To call The Boy Next Door an “erotic thriller” does a disservice to eroticism and thrillers. And probably quotation marks, somehow. This is a dull movie featuring a terrible lead performance that looks cheap and doesn’t for a second raise its level of suspense to a point where one can avoid yawning throughout its entire running time. It’s a poor-man’s version of 1996’s Fear, and Fear was already more or less a poor-man’s version of this story.
Jennifer Lopez stars as Claire Peterson, a high school literature teacher. She’s in the midst of a potential divorce from Garrett (John Corbett), and has a teenage son, Kevin (Ian Nelson). One day, a neighbor’s great-nephew, Noah (Ryan Guzman), moves in next door. He’s kind and really good with handiwork. He fixes her garage. He befriends Kevin almost instantly, despite them being a couple of years apart in age. One night, while Kevin and Garrett are out on a camping trip, Noah comes over. He seduces Claire. The next morning, Claire tells him that it was a mistake. As it turns out, Noah’s not exactly the most stable person in the world. So begins a middling stalker story.
And it’s very middling. It tries to slowly build up tension and atmosphere, which is at least something, but it does it so poorly that it’s more likely to bore people before the point at which it starts to get “exciting.” And about the only exciting point is literally the last scene, and it’s a scene you’ve probably seen hundreds of times before. People are tied up, the bad guy is going to kill them, but of course at least one of the knots isn’t perfect, or something.
If you’re here for eroticism, you’re at the wrong movie. Wait for Fifty Shades of Grey. There are two sex scenes in the film, and only one of them wants to be “sexy.” It really isn’t. It’s filmed with lots of close-ups, and lacks passion and interest. The second one is meant to be “creepy,” but it also fails at that. Almost every time The Boy Next Door wants to be something, it struggles to succeed. It’s so incredibly bland at every turn.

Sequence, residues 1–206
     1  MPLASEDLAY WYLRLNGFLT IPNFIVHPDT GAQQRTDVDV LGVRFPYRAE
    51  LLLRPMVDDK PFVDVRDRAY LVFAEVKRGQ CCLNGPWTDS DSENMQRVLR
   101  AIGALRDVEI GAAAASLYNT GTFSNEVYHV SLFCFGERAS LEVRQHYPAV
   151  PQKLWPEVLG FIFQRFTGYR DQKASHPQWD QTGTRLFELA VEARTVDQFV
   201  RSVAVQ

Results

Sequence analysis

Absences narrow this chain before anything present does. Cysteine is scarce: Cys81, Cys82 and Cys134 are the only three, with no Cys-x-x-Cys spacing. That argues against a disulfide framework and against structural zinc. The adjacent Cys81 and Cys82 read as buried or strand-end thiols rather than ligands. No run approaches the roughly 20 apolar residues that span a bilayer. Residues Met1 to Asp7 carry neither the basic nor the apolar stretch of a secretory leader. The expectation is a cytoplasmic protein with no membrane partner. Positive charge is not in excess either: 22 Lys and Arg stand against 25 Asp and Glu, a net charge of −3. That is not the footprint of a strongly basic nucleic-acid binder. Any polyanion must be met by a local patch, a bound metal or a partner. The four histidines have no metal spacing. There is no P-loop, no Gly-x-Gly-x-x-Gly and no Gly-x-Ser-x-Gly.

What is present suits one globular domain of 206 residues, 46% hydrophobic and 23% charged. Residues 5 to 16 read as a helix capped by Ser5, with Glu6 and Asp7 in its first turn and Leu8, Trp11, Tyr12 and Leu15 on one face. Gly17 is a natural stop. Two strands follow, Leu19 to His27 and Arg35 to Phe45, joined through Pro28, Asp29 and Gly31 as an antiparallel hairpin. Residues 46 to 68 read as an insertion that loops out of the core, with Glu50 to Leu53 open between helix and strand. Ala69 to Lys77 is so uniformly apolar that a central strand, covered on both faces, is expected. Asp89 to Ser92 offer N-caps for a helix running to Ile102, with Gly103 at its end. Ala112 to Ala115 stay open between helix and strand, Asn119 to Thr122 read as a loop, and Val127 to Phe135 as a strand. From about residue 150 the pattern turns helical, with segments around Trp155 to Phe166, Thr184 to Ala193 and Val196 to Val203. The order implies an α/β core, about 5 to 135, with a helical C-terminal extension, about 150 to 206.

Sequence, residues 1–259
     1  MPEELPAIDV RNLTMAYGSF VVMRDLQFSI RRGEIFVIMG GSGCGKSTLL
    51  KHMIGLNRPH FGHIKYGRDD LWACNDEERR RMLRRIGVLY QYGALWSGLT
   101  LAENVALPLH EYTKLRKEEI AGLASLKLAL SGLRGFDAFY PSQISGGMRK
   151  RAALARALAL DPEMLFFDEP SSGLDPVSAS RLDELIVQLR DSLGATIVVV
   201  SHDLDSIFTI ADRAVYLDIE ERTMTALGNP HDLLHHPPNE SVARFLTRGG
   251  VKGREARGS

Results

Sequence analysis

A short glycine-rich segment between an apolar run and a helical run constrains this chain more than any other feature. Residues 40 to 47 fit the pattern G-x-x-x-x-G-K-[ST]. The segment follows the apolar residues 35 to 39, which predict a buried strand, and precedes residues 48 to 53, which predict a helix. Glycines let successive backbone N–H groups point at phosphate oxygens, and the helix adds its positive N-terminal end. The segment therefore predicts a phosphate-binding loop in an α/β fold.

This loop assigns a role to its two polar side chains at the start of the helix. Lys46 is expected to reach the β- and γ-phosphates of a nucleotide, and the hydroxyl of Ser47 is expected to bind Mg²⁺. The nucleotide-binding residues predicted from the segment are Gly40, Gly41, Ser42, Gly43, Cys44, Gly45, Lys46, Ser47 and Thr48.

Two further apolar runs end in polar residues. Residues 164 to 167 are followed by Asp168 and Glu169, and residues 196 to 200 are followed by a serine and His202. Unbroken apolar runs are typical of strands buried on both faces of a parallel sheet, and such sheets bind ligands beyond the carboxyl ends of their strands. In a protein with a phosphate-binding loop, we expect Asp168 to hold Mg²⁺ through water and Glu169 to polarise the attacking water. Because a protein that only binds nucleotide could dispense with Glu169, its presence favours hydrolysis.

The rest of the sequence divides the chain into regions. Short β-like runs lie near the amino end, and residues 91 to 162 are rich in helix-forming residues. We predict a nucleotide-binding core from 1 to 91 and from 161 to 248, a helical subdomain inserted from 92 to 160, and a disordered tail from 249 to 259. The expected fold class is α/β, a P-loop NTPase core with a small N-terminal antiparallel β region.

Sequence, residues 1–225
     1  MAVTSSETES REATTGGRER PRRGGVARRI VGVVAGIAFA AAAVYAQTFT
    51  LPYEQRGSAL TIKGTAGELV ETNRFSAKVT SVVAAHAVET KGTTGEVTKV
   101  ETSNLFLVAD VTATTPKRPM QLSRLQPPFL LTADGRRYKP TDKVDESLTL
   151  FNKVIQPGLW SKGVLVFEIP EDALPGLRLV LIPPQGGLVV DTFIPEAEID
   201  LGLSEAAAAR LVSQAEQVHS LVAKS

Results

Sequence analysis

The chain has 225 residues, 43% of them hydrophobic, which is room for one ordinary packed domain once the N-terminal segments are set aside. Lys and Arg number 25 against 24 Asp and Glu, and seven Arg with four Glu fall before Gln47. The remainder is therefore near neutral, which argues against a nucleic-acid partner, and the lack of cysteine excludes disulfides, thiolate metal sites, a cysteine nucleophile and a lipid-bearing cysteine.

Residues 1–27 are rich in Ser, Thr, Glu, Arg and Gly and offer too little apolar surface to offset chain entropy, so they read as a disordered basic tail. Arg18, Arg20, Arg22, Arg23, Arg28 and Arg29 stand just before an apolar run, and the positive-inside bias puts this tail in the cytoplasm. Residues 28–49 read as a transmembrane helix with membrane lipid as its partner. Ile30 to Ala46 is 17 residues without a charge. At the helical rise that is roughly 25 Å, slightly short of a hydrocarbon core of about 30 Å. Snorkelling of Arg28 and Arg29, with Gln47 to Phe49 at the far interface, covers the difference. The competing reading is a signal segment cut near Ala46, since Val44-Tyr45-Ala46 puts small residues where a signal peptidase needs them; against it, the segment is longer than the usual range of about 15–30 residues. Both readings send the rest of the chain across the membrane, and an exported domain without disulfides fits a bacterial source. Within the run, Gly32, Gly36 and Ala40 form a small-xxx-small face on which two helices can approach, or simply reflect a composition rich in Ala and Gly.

It’s actually quite difficult to hate The Boy Next Door because of how bland it is. There isn’t anything to like, that’s for sure, but it’s so dull and uninteresting that it can’t stir up any sort of emotions at all. You watch it, you stare at a screen for 90 minutes, and then you stop watching it and you’ve successfully killed 90 minutes, but gained absolutely nothing in the process. Still, it won’t anger or offend, so if you want the least interesting movie to watch, then I guess you could see this one.
I suppose that the film’s amateurish feel is one that you could begin to hate, but after a while it’s hard to continue caring. One scene has such horrible post-dubbing that you’d think it was a film made by high school students, and it’s a shame because that scene almost gets interesting right afterward, except you’re taken out by the poor dubbing that the scene loses any impact. The cinematography is ugly and makes the film look cheap, too (which it was; it only cost $4 million). And don’t get me started on its ham-fisted ancient Greek metaphors, which are thrown in so heavy-handedly that you wonder if it was written by someone for whom subtlety is a lost art. Or by someone who’s never written a screenplay before — which is actually the case, as the film’s writer, Barbara Curry, makes her screenwriting debut here.
And then there’s the acting/casting. Ryan Guzman looks closer to 30 than 20, and for some reason he’s continually paired on-screen with Ian Nelson, who actually is somewhat close to his character’s age. Neither actor is good. Jennifer Lopez, for whom many people will pay the ticket price, might have turned in a career-worst performance, which makes sense until you learn she was one of the film’s producers. One would think she would care more. Everyone else is expendable and won’t leave an impression.
The Boy Next Door does not deliver on any of its promises. It’s not erotic and it’s not thrilling. It won’t make your heart beat any faster. It won’t excite. About all that it will do is remind you that actors who are approaching 30 should not play teenagers, and that Jennifer Lopez is a much better actress than she shows in this film. Oh, and that poor cinematography and post-production work can take you out of a film, further ruining any impact it might have had. The Boy Next Door is bland and difficult to hate because it doesn’t really do anything worth talking about, but it’s not worth the 90 minutes it takes to watch. It’s a poor-man’s Fear, and that’s saying something.